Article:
It’s a spectacular sight. A stone mermaid holding an urn goes shooting up into the air on a high-powered stream of water before landing in a flowerbed on its side and anyone anywhere near it gets soaked. I make a completely dignified, “Argh!” noise in surprise and Luke laughs loudly. Maybe white, I decide, is not such a good idea for prison uniforms. My lab coat’s all right, as it’s made of a pretty thick material, but Luke’s uniform is… not.
I avert my eyes and tell a shrubbery, “We should get you back inside.”
Luke pushes his sopping hair out of his eyes. “Yeah, that’s probably a good idea,” he laughs.
“I’ll take him,” says a voice. Alanna, she of the Hair, has entered the garden and is looking Very Helpful. I am always suspicious of Helpful Alanna, but right now I don’t have much of a choice, as I hate being wet and want to change into dry, presentable clothes as soon as mortally possible.
“No letting him escape,” I order. “Or snogging in the corridors,” I add as an afterthought. “That’s a Health and Safety hazard.”
Alanna twiddles her fingers. “I promise. Come on, sweetheart, let’s get you changed and cleaned up with absolutely no snogging in the corridors.” She takes Luke by the elbow and winks at me over her shoulder. Daft minx.
Scarface reappears at my side. He, oddly, isn’t wet. “To your room then, sir?”
I sigh. “Seems favourite. Do you have any idea how that happened? Is my exploding fountain haunted, or something?”
“Couldn’t say, sir.”
“Hmm.” Rather suspicious that he isn’t wet, really, as usually the only dry place when the fountain explodes is the shed in which the fountain’s controls are kept.
“You should probably get that fountain fixed, sir, if you don’t mind my saying so.”
“You see, I would,” I reply, “but then I think I’d rather miss it. It’s something of a conversational piece, an exploding fountain. Not everyone has one.”
“I wonder how they manage, sir.”
I raise an eyebrow at him. “Was that sarcasm?”
“I couldn’t say, sir.” He’s actually smirking.
“Good on you, if it is,” I say.
“Thank you, sir.”
We get odd looks in the corridors – not often I’m soaking wet – but they turn to ones of comprehension when they realise we have just come from the gardens.
I shan’t say just where my rooms are located, but they are in the headquarters. Some people are surprised at the lack of extravagance in my rooms. I’m surprised at their surprise. I know the over-the-top riches are usually part of the dictator image, but honestly, I can’t be having with that. What’s the point of killing rare and wild animals for their fur when you can get an elderly relative to knit a blanket that’s just as warm?
“I’m going to shower,” I tell Scarface, and peel off my goggles. I hate it when eyewear is wet, but you can’t dry them on your clothes because that would just make the problem worse.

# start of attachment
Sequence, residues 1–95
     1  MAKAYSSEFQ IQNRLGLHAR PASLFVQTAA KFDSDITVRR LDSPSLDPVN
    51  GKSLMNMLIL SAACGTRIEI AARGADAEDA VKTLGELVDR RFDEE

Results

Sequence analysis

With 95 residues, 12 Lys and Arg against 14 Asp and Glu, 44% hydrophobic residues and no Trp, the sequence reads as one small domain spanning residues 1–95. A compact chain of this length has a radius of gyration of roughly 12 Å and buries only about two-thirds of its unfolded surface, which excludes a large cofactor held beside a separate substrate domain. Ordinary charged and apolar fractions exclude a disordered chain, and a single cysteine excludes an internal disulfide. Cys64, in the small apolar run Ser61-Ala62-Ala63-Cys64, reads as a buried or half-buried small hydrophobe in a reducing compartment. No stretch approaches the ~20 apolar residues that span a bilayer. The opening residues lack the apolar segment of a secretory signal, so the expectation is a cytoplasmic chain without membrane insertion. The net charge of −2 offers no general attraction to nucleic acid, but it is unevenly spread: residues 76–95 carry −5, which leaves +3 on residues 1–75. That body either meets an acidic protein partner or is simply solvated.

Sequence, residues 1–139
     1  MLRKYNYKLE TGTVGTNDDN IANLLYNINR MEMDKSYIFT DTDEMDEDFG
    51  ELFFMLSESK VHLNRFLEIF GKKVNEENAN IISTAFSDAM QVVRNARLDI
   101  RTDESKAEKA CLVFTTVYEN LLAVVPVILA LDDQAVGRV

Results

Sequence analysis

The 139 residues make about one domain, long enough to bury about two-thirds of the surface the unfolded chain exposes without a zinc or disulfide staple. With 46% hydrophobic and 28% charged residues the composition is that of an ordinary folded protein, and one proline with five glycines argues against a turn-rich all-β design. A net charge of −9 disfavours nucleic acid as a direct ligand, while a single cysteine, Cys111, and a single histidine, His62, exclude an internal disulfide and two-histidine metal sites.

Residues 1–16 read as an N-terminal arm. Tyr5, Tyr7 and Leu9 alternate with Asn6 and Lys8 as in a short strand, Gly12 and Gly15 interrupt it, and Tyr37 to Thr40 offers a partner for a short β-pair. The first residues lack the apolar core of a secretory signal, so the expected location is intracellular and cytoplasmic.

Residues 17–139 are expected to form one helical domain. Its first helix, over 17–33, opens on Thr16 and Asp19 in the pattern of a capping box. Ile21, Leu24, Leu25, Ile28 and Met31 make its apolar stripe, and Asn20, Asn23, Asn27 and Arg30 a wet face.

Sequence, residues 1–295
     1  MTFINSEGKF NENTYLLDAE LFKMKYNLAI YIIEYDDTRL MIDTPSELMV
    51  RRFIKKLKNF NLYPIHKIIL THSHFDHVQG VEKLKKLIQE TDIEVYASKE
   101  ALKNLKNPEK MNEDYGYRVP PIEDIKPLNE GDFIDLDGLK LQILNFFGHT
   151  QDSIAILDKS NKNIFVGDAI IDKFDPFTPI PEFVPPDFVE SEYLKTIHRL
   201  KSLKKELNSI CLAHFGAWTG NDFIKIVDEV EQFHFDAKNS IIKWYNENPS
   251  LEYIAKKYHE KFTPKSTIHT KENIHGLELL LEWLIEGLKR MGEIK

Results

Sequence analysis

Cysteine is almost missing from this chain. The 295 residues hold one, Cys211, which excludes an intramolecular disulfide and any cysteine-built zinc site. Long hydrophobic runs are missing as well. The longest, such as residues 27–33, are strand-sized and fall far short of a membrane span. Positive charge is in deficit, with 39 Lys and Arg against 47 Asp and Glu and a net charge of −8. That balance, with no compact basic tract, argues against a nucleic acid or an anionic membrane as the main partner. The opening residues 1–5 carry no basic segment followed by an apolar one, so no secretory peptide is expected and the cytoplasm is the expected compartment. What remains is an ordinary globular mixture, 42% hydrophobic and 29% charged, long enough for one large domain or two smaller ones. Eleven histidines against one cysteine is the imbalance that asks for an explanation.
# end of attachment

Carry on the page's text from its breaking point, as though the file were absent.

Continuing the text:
“I shall prepare your clothes, sir,” says Scarface.
“Thank you,” I reply. I do like having my own bathroom. There’s just something wonderful about the privacy it gives one. I close and lock the door and then set about undoing all the little clips and zips that keep my lab coat and gloves in place and smooth. It’s slightly ridiculous how many there are, but the overall effect they achieve is quite brilliant. On some days I have to ask Scarface to help. Today, however, is not one of those days, and I peel my coat and gloves off and shiver, as that water was damn cold. I glance in the mirror above my head and frown.
I could swear I closed and locked that door. It is now open a little bit and, I am assuming, not locked.
I close and lock it again, give it a stern look, and then finish undressing. The water is wonderfully hot and I spend perhaps more then was necessary in it. I hate being wet when it was not my intention to be wet. Showers are fine, though.
Scarface has laid out my clothes on my bed and is sitting by them, looking oddly smug. “Why the black?” I ask. “Is it a special occasion?”
“Not particularly,” Scarface replies.
“Oh.” I wait for him to turn around so I can put my underwear and trousers on – he is my faithful assistant, but there have got to be some boundaries – and he doesn’t. “Is there a problem?” I ask, feeling kind of self-conscious in just a towel.
Scarface rises. “No,” he says cheerfully. “No problem.”
He’s getting rather into my personal space now. I don’t step backwards, as I don’t see any reason to, but this does make me raise my eyebrows and look rather confused. “Then what?”
Scarface puts his hand on my cheek, which he hasn’t done before. He also leans in rather close. “You’re kind of wonderful, you know,” he murmurs.
And then he kisses me.
To say I’m surprised is an understatement.
It doesn’t last very long and is rather soft, really, and I suppose rather nice, but I am too busy being frozen to the spot and letting my brain crash. Scarface pulls back, smiles, and strokes my cheek gently with his thumb.
I open my mouth to say something and close it again.
My expression is best described as O.o
“I’ll be outside if you need me,” he says softly and leaves me still o.Oing after him.